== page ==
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Published on Apr 27, 2010
Khachaturian Sabre Dance from Gayane ballet , transcribed for piano by Oscar Levant, recorded in 1948.
After a stay in Yerevan, Armenia in 1939, Khachaturian composed the ballet "Happiness". Using material from this ballet, Khachaturian radically rewrote it, thereby creating the ballet, Gayane (or spelled as Gayne, Gayaneh, Gayané) in 1942 in Molotov, after USSR entered World War II. Some aspects of the ballet hint to political and patriotic issues regarding the war.
During this time, Soviet literature and art contributed greatly to the Soviet people's Great Patriotic War. In 1943, Khachaturian joined the Communist Party whose ideals he had long been expounding as a musician. In his own words : "Soviet songs are a fighting weapon and it is our duty to forge this weapon with all the passion, responsibility, knowledge, and talent at our disposal. We shall give the front songs throbbing with wrath and fury, songs of revenge, songs of victory, and songs of glory worthy of our Soviet soldiers."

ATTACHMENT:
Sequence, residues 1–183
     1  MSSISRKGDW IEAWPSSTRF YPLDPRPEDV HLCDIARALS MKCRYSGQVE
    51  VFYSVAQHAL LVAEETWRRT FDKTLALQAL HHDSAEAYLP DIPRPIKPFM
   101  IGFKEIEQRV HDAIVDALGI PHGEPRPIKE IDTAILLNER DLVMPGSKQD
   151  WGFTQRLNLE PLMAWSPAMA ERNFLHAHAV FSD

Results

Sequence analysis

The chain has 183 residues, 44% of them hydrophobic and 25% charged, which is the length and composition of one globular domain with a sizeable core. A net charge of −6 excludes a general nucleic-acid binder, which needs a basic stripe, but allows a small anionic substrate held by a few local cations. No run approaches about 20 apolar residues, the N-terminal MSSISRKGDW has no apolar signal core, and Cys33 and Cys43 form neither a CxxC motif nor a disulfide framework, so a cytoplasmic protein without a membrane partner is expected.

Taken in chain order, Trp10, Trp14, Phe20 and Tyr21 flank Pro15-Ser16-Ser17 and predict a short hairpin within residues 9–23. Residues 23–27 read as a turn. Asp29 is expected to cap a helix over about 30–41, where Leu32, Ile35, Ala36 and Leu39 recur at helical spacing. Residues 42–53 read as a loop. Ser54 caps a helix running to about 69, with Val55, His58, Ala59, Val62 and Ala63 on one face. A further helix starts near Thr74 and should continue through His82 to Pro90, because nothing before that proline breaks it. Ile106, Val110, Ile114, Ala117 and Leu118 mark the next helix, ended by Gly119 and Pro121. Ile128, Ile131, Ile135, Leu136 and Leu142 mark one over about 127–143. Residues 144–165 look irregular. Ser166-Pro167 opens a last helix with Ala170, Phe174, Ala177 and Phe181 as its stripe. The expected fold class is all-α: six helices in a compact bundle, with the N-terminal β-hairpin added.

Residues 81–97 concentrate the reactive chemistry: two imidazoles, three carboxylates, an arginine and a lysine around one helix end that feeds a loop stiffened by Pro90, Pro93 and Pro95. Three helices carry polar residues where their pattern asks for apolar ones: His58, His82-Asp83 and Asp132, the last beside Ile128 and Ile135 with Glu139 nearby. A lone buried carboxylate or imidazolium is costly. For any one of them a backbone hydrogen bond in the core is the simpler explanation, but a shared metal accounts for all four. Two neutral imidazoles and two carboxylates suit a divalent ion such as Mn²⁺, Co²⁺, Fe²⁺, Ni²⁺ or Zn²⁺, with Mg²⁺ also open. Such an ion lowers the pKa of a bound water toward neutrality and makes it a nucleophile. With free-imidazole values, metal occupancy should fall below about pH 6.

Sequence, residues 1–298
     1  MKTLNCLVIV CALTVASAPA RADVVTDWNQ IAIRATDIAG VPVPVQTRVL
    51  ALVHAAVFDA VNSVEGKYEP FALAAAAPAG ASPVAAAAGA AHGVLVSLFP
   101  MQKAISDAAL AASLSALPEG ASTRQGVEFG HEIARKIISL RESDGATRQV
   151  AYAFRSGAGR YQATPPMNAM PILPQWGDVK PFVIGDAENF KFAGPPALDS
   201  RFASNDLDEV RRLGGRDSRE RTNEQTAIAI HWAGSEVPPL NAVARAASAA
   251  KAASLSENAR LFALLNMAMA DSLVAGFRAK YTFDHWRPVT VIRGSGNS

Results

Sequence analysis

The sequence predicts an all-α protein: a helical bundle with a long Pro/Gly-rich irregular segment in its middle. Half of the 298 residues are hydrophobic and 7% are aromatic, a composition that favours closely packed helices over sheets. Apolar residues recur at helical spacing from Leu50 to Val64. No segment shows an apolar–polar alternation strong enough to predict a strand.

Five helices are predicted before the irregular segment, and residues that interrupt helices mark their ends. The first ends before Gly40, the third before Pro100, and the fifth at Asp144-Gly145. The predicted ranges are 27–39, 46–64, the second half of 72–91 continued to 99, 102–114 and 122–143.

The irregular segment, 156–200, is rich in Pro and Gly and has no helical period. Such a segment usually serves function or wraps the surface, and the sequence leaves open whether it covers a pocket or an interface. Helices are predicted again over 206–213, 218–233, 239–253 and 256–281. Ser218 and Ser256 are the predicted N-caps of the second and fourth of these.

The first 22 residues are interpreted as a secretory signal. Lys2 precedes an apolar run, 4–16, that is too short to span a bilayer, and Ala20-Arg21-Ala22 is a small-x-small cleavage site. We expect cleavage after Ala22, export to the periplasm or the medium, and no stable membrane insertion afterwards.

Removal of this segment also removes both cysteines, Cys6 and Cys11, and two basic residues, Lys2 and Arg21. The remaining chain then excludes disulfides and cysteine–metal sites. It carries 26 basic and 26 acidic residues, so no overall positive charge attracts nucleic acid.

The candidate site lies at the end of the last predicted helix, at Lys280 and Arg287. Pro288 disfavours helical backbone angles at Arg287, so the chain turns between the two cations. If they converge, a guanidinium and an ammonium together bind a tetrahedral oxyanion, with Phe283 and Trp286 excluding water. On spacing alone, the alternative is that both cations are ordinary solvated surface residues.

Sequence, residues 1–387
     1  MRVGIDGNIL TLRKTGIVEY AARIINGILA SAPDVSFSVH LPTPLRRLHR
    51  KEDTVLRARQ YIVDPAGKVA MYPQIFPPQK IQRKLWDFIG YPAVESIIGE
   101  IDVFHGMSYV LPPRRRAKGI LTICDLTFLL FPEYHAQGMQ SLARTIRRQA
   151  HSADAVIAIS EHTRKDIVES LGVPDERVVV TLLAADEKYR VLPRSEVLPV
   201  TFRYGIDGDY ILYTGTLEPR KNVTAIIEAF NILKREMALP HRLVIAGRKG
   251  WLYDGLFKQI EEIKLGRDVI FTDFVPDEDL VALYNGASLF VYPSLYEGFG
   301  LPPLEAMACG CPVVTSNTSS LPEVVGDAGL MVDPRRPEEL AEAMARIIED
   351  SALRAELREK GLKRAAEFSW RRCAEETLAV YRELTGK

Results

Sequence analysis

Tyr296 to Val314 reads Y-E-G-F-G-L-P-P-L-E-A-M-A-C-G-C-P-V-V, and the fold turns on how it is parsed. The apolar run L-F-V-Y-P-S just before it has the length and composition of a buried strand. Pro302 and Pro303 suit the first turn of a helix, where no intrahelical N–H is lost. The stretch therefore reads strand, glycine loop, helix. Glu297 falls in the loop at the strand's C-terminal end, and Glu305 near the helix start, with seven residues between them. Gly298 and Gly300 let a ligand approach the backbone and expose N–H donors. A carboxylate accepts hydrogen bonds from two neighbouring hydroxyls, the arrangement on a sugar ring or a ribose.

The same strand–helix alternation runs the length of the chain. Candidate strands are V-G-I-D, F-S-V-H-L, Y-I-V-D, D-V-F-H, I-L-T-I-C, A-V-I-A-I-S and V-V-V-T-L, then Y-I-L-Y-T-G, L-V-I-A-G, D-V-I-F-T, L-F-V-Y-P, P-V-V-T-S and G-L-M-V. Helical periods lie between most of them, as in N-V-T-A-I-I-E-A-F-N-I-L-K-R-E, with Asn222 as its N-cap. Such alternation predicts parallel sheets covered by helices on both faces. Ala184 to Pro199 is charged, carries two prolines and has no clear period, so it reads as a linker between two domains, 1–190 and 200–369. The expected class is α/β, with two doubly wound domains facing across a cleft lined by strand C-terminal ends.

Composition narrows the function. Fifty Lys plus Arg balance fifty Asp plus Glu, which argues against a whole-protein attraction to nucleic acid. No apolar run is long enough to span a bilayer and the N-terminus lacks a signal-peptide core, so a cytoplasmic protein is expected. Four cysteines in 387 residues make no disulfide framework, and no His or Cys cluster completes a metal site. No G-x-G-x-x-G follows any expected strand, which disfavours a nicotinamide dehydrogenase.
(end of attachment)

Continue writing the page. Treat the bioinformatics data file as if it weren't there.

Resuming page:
Gayane is based on the story of a heroine named Gayane. The setting for the play is on a cotton farm in Armenia. Gayane is married to Giko, who maltreats her. Gayane denounces her husband, the Red Army eventually arrests Giko and he is later imprisoned. Because of this, Gayane could end her marriage with Giko and she later marries Kasakov; their wedding provides the happy ending, the climax of which is the "Sabre Dance".
Quoting Oscar Levant: - Happiness isn't something you experience; it's something you remember. - It's not what you are but what you don't become that hurts. - My psychiatrist once said to me, "Maybe life isn't for everyone..."